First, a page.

In the world of SaaS, customer LTV (Life Time Value) is the name of the game and a huge aspect of successful growth (and often funding) is contingent on not just converting leads to customers, but keeping them onboard for years to come. Unlike the notably entrenched enterprise market, SMBs (Small to mediums businesses) are less stable and more prone to churn if not properly supported.To begin, here are some benchmarks of standard churn rates in the industry…


Next, here is some basic terminology that is often present in these discussions:


Logos Churn -> Customers gained vs. Lost

ARR Churn-> Overall growth of ACV (Annual Contract Value) and upgrades vs. downgrades/cancels

Voluntary vs. Involuntary Churn -> Voluntary is accounts choosing to leave and involuntary is accounts getting closed out because they are taken to collections for non-payment, closed by email deliverability or otherwise lose access from the company end.

So what can be done to tackle the problem of churn? Here are some ideas:

Deep dive into WHY the clients aren’t getting results on a check-in call: This was shown well in a recent interaction I had talking a client off the ledge, whose marketing person was telling them to go to a different solution for better converting landing pages. He just wasn’t getting results with our inbound marketing tool and didn’t have time to troubleshoot. I let them know we needed to isolate the underlying key problem;

  1. Is it not enough hits to the landing page? (needs PPC, brand building, more events, more content, more exposure etc.)
  2. Is it getting good traffic but no opt-ins? (Need to analyze the lead magnet, is it actionable, is the CTA clear and concise, is the page design attractive etc.)
  3. Are people opting in but falling off? (Need to analyze the funnel steps, are we using goals to check for engagement? Are we seeing where they click? Are we trying different medium, like SMS? Where are the bottlenecks?)

After an immersive brainstorm session we isolated the falling off point for that client and kept them on board.

Sales comp plans impact churn. Hubspot had a 4 month clawback on commissions and saw lower churn rates in initial months and then a spike:

When they spaced out the commissions they saw better results.

Part of this is where management wants focus. In terms of time allocation, for that person wanting to go above and beyond, should they reach out to that client who has been around for 2 months with another great use case or helpful chat, or should they reach out to ten cold leads that have gone quiet recently. Where that focus lies, and where the onus for retention sits (sales vs. CSR) will be impactful. And if it lies on both, what behavior does the incentive structure encourage?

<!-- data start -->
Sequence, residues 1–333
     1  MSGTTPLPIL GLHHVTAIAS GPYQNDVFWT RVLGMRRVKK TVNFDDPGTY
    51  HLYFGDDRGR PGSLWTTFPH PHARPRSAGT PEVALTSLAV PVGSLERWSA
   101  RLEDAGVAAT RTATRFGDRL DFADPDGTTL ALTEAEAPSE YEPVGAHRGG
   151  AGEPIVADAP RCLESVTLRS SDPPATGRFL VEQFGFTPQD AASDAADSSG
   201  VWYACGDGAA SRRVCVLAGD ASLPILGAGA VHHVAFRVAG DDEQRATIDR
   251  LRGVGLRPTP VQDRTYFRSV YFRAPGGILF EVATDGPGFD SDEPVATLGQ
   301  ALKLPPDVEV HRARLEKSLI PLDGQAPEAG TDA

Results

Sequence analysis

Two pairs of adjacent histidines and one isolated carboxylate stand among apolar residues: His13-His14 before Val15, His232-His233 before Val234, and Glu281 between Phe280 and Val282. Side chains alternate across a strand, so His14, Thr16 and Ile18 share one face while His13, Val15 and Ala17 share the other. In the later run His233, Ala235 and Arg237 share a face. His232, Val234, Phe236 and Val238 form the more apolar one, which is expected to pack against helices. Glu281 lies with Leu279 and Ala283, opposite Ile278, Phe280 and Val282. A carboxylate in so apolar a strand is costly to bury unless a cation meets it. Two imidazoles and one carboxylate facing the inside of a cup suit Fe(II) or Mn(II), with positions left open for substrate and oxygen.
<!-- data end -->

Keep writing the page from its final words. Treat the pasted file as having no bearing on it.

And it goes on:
Accentuation on work-arounds in the CS (customer support) process: Often times companies become entrenched in their processes and can lose vision of the timeless axiom, “Get the customer results”. Give employees the freedom and flexibility to go above and beyond in finding answers and reward them when they do. This will set a culture around customer advocacy and turn disenchanted customers into advocates.
Time vs. Natural Business death test:  Select a group of say 10-20 recent accounts and go just over the top in terms of time allocation (building out full launch plan, constant check-ins, build audits, strategy advice etc.). This is not meant to be a sustainable model but rather to answer the simple question of, “Can time/support solve the problem?” or is this a target market issue (natural biz. Death rate in VSBs). If allocating 5-10x the time on accounts still doesn’t reduce churn, you will surely need to adjust your target market and right-fit customers.

Annual Contracts reduce Churn: Annual contracts reduce churn, plain and simple. Make sure your sales team has a concerted plan and incentive structure around getting people on to annual contracts.

Segment three types of churn. Early stage (0-3 months), Middle (3-12 months), Late (12 months + churn). I think that each stage of churn is distinct. Early stage is largely around adoption/learning curve, middle stage around results and late stage around not having a solid upgrade/path forward/replacement found. Each should be handled with a unique strategy to reduce those rates.

Vertical Specific Strategies: A common mistake for new SaaS companies is thinking they can serve every industry. Start with a focused game plan and get results in a handful of industries and then expand out.

Retention Incentives: There needs to be direct incentives for sales and implementation team members around retention. These do not have to be purely monetary. Cool perks, lunch with an executive etc. are all possible. Get creative but work to create stronger direct accountability. 

Growth Team for Account Upsells: As a business matures, it is often sensible to implement a growth team with the focus on increasing account value of your existing clients. Clients who are upgrading are clearly seeing the value of the system and not churning.

Direct vs. Channel Selling: I found this article on LTV:CAC ratios between selling direct and through VARs interesting: pulled from . For many companies, it seems as if channel selling is a great avenue to increase retention and sales.

Pricing: In any business, people leaving due to pricing (too expensive, not a plan that best meets their needs) will happen. Work to make sure your current structure is balaced in the market and reflective of your right-fit client’s needs.

In-Person Meets (Field Marketing/Implementation): I got inspired for this one by Jason Lempkin’s talk here ( where he talks about the resurgence of in-person meets in SaaS. I have no doubt that deepening the relationship with an in-person meet will create more stickiness and brand loyalty. 

I hope some of these ideas help! If are interested in chatting about retention in the SaaS space, feel free to shoot me an email at